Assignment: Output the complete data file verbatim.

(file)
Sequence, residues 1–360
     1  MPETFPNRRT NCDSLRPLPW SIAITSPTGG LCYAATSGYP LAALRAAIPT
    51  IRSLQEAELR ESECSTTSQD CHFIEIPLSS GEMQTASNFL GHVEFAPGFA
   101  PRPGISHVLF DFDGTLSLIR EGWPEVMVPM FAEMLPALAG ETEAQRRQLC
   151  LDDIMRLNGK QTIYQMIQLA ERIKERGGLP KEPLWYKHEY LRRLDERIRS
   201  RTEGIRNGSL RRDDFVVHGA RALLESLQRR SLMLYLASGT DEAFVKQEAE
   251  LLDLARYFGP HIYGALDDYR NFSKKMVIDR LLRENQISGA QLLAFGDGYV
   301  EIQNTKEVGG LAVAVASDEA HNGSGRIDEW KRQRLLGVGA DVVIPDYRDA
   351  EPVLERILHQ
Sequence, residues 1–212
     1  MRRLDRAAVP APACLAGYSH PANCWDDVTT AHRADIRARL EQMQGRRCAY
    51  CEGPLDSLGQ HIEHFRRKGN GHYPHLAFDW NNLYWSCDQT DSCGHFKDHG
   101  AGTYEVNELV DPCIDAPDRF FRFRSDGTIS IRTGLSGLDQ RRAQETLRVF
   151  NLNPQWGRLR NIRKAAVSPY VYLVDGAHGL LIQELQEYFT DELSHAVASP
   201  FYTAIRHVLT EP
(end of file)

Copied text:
Sequence, residues 1–360
     1  MPETFPNRRT NCDSLRPLPW SIAITSPTGG LCYAATSGYP LAALRAAIPT
    51  IRSLQEAELR ESECSTTSQD CHFIEIPLSS GEMQTASNFL GHVEFAPGFA
   101  PRPGISHVLF DFDGTLSLIR EGWPEVMVPM FAEMLPALAG ETEAQRRQLC
   151  LDDIMRLNGK QTIYQMIQLA ERIKERGGLP KEPLWYKHEY LRRLDERIRS
   201  RTEGIRNGSL RRDDFVVHGA RALLESLQRR SLMLYLASGT DEAFVKQEAE
   251  LLDLARYFGP HIYGALDDYR NFSKKMVIDR LLRENQISGA QLLAFGDGYV
   301  EIQNTKEVGG LAVAVASDEA HNGSGRIDEW KRQRLLGVGA DVVIPDYRDA
   351  EPVLERILHQ
Sequence, residues 1–212
     1  MRRLDRAAVP APACLAGYSH PANCWDDVTT AHRADIRARL EQMQGRRCAY
    51  CEGPLDSLGQ HIEHFRRKGN GHYPHLAFDW NNLYWSCDQT DSCGHFKDHG
   101  AGTYEVNELV DPCIDAPDRF FRFRSDGTIS IRTGLSGLDQ RRAQETLRVF
   151  NLNPQWGRLR NIRKAAVSPY VYLVDGAHGL LIQELQEYFT DELSHAVASP
   201  FYTAIRHVLT EP